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Plowing through History from the Aleph to the Tav

Topics The Dead Sea Scrolls

About the Dead Sea Scrolls (Video)

By Jeff A. Benner


Very few ancient texts of the Hebrew Bible have been found and are very rare, that is until 1947 when the discovery of a depository of scrolls in the Dead Sea Caves provided us with a library of ancient manuscripts of the Hebrew Bible.

Between 1947 and 1956, ancient scrolls and fragments of the Hebrew Bible were discovered in caves near the Dead Sea dating to the 1st C. BCE and the 1st C. CE.

The manuscripts discovered in the Dead Sea Caves include the Canonical Books of the Hebrew Bible with the exception of the book of Esther (30%), non-Canonical Books such as Enoch, Jubilees, Tobit and Sirach as well as Psalms that are not part of the 150 Psalms in the Canonical Bible (40%) and Sectarian Books such as, the Community Rule, the War Scroll, the Damascus Document and Peshers, which are commentaries on books of the Bible (30%).

There are several different theories on the origin of these texts. The predominating theory is that the scrolls were the work of a Jewish sect called the Essenes who, it is believed, resided in nearby Qumran and that the scrolls were hidden away in the caves to protect them from the advancing Roman army. Other theories for the writers of the scrolls include Early Messianics (often called Christians) or Zadokite Priests. A newer theory, is that the scrolls were from various libraries and synagogues, in Jerusalem, about 15 miles from the caves.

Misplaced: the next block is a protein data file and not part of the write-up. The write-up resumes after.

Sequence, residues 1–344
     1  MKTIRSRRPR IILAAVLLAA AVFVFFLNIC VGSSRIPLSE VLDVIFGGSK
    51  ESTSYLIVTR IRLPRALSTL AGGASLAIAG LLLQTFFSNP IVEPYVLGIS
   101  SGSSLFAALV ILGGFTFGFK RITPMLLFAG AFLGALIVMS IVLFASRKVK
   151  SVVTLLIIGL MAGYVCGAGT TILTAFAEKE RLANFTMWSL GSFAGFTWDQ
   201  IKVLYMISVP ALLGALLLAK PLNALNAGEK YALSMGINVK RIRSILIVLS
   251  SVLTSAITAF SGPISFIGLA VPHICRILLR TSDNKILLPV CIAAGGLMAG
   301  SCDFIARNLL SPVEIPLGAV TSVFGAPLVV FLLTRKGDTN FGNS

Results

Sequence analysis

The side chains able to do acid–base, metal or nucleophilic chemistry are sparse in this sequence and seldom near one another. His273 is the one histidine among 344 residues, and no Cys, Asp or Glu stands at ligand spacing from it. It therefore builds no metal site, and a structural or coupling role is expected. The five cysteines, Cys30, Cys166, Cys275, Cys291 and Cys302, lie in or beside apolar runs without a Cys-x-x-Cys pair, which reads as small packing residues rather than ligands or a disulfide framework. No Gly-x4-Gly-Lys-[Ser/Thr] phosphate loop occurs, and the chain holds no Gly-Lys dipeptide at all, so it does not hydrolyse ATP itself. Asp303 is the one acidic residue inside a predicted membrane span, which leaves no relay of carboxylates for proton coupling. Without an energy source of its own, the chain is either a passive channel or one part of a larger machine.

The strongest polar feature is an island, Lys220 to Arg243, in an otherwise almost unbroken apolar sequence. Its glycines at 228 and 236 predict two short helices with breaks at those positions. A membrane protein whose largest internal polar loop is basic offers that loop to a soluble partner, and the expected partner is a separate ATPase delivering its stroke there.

While most of the scrolls are fragmented, deteriorating or incomplete, the Isaiah scroll is the only complete scroll found. Torah Scrolls still in use in synagogues today are over 500 years old. The Isaiah scroll from the Dead Sea Caves has been dated to around 200 BCE. Isaiah wrote his original scroll around 700 BCE and may have been in use up until around 200 BCE. This means that is possible for the Isaiah Scroll from the Dead Sea Caves to be a copy made directly from Isaiah's original scroll. The Isaiah scroll, as well as many other scrolls and fragments from the Dead Sea, are currently on stored and on display in Jerusalem at the Shrine of the Book.




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